Jeremy Pargo, 36, spent last season in Naples, Italy, and played for the U.S. AmeriCup team in September. He still plays hoops, but he’s also busy with a budding career as an actor. Abdullahi Kuso played well into his 30s before retiring a few years ago. Elias Harris, 33, is playing in Germany after averaging 17.5 points in Japan a year ago.

The former Zags have followed their own training paths, some sprinkled with drills they learned while at Gonzaga, to extend their careers. They share several similarities – rarely injured, never allowing themselves to get out of shape, generally eating right and training with a purpose.

Brown, Downs, Batista and 33-year-old Steven Gray, who retired this summer after 11 pro seasons, detailed the tenets of fitness routines that helped prolong their careers and compete against top international players.

“In the beginning, offseasons I really took time off and rested,” Batista said. “The last 10-12 years, there was no offseason for me. I saw the importance of coming to training camp in good shape and that really helped transitioning into game shape.”

Batista collected numerous individual and team awards during a career that included stops in France (eight years), his native Brazil (six) and Lithuania (two). He played for Brazil in the 2010 FIBA World Cup and was close to making Brazil’s national team for the 2016 Olympics in Rio de Janeiro.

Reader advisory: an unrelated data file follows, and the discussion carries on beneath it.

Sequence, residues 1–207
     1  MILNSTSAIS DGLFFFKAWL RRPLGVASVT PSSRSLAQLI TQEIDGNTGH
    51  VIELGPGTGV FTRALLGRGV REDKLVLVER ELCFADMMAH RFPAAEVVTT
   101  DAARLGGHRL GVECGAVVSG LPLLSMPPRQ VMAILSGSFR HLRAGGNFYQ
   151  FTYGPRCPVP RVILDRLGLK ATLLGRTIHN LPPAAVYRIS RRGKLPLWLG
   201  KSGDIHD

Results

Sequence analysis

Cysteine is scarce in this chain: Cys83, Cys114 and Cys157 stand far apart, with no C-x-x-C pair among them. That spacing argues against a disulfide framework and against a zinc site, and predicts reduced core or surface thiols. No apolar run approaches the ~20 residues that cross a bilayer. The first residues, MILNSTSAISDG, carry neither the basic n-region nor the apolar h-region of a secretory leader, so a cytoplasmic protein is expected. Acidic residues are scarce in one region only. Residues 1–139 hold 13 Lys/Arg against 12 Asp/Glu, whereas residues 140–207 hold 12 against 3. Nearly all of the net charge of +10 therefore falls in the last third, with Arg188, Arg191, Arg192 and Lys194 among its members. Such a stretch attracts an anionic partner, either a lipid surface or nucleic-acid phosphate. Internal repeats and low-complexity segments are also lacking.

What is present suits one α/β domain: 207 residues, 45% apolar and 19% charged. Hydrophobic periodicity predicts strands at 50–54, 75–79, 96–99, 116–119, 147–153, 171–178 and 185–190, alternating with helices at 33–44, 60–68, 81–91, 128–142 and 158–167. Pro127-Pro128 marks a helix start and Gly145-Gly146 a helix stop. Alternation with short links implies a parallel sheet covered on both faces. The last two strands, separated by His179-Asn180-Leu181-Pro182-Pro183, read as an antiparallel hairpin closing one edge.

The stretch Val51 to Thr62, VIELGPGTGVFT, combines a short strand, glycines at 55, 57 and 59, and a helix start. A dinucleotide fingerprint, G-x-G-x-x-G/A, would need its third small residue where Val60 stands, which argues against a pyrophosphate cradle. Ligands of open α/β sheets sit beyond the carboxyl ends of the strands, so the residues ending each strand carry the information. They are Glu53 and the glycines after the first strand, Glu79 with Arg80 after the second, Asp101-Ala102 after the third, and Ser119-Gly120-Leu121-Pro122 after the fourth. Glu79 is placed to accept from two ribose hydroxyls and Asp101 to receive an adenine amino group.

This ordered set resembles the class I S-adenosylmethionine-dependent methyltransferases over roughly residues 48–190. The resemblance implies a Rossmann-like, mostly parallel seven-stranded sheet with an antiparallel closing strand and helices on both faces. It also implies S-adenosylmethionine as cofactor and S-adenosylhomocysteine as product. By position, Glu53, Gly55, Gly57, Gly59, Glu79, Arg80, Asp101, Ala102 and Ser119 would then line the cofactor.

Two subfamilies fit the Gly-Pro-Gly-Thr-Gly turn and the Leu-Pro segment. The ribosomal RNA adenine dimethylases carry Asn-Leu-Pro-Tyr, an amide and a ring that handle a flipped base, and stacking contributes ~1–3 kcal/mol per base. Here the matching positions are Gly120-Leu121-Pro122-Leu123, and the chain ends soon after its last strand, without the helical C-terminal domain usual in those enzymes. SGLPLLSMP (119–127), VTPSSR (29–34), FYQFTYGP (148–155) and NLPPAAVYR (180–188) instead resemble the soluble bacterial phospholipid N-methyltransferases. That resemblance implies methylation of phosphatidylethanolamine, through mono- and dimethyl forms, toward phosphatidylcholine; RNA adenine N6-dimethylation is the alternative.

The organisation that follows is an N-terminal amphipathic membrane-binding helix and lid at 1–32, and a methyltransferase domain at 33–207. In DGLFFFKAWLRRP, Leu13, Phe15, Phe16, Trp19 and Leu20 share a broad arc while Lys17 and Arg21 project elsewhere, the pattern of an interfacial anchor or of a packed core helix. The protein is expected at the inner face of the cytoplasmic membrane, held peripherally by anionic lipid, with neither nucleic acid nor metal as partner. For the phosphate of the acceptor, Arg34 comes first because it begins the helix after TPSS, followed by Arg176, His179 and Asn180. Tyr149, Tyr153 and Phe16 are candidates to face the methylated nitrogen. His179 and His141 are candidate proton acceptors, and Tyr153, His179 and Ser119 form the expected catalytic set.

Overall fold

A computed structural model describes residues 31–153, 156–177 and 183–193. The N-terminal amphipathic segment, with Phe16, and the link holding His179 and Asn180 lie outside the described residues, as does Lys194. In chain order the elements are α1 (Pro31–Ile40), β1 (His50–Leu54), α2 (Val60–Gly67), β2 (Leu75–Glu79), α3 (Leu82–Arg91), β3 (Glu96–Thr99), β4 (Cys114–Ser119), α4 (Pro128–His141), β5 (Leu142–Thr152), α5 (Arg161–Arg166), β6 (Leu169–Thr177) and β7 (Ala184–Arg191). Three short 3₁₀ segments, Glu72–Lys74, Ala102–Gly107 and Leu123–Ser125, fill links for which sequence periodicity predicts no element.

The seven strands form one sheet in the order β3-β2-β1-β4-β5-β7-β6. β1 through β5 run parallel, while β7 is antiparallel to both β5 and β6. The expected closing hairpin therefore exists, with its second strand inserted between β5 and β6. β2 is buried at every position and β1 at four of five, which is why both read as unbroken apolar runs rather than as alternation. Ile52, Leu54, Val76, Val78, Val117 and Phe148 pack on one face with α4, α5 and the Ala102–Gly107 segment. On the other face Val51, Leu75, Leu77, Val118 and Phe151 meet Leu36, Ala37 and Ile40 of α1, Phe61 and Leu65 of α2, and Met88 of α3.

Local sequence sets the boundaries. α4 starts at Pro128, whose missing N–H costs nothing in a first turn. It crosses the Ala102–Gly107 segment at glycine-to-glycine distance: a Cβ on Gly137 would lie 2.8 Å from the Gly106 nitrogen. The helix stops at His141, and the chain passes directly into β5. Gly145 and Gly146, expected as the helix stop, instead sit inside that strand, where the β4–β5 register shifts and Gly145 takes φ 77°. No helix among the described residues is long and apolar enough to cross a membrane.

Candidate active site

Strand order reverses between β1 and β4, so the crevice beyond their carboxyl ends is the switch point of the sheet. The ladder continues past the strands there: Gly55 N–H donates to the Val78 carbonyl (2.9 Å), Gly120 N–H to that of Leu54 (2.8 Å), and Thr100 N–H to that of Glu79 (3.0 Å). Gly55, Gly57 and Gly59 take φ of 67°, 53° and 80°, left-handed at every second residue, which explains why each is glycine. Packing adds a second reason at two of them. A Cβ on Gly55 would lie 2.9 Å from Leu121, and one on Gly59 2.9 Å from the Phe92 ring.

“I tried to lift every day, the minimum was lifting and running,” said Batista, who averaged 19.3 points and 9.4 rebounds as a GU senior in 2006. “In Brazil, I didn’t have much access to basketball courts so it was mostly lifting and running. We had a house in front of the beach so I could run on the beach or on treadmills. I’d try to switch it up to stay motivated. A couple of summers I did crossfit.

“I always liked the weight room. Nutrition was key and not exaggerating the calories in the summer. In season, you can literally eat anything and it wasn’t going to affect you too much because you’re so active.”

Batista was in terrific shape for what turned out to be his final season, thanks to a summer running program organized by a friend/trainer. He was considering playing two or three more seasons before deciding to join Gonzaga’s staff.

The last time he wasn’t the oldest player on his team was when he was 35. Younger teammates occasionally needled him, but it was rare, partly because Batista is 6-9 and 270 pounds and “they knew I was never a lazy person. They couldn’t sleep because the old man was the first one in the gym and the last to leave.”